Your name in golden letters
In a star field…
That shit is silly, huh?
You make me want to turn a dollar to a million, huh?
Then turn a million to a mansion and some children, huh?
Don’t get the wrong idea: Blackillac can throw lines out that are interesting and lovely, dynamic and well-thought out, but you can’t ever get too comfortable. Because everything I just shared with you is pretty sweet.
Well, that’s why you can’t sleep on these songs. You can’t even really be doing something else while you’re listening. If you are, you might miss that the next line is:
And when they sleep, you grab my dick in the pavilion, huh?
Ha, fuck it, that’s my baby
Clutching on her hips is like touching a Mercedes
Like to my body like the Nile or Euphrates
Praying that our love never crack like the 80s
Such a fuckin’ lady.
Outside of literally taking history from the cradle of civilization to the crack crisis of the 1980s in two lines, Blackillac is pretty brilliantly balancing two very different kinds of love: the cerebral, metaphorical love of high Romanticism with the gritty, carnal love of sex and pleasure.
And they do both equally well. Damn.
The other song I have the pleasure of listening to today is “Feel Like” (feat. Kota the Friend & Gary Clark Jr.) and I have to say, it’s a delight. There’s almost no line that isn’t either negated or changed by the one that follows it. But on this song… well, you can hear it too, even though this is very much a live, early version:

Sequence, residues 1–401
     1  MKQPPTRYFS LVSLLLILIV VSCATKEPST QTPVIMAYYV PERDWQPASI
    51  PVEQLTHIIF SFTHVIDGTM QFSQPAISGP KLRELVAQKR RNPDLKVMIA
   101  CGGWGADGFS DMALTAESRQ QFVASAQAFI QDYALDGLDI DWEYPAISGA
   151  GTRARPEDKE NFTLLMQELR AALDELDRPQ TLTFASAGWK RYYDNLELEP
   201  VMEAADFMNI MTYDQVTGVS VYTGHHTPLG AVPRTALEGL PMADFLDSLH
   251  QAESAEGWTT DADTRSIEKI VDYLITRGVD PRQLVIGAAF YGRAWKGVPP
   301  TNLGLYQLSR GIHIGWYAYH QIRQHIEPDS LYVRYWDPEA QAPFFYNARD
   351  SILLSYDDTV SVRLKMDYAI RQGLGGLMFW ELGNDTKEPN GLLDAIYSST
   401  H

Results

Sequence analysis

Both in the live performance and the recorded track, it’s impossible not to notice the chemistry, the movement, the sense of humor. I laughed out loud at, “Look at me: I’m the captain now” both when I was watching him sing it to an audience and when I was listening to it over and over in the car. And maybe most remarkable, the song plays off with an almost Peter-Pan-esque trill, something that almost matches the 70s croon throwback in the chorus, “I feel like this is the beginning…”. There’s something wistful, even when the lyrics are aggressive. And that’s the mystery of a duo like Blackillac. How can you be silly and sincere? How can you start a song like this—
…Feeling like a million bucks
Feeling like this XO is expensive, please don’t spill my cup
Shorty want to fuck me, my wifey is a ten, though
Chop the herb to pieces, throw it out the window…
—without a deep understanding of how to tell a story about a complicated character? In the long run, that’s what makes Blackillac’s songs so compelling: these narrators, whether they are actual representations of Zeale and Phranchyze, embrace and delight in cognitive dissonance. You’re going to say, “Shorty want to fuck me” and negate it with “my wifey is a ten, though”? That’s not your average flow. On top of that, there’s this constant almost-Motown sound and voice in the back (Gary Clark Jr. has never done anything but amplify the greatness of whatever he touches) and then at the end, the song sparkles off into the distance.
Guys. This is hip-hop. It’s funny, it’s engaging, it’s dynamic, it’s percussive, it’s poetic, it’s profane, it’s heightened emotion—
It’s Blackillac. And you can see them at Rockwood Music Hall at Underwater Sunshine Fest! I can’t begin to tell you how excited I am to see these guys in action.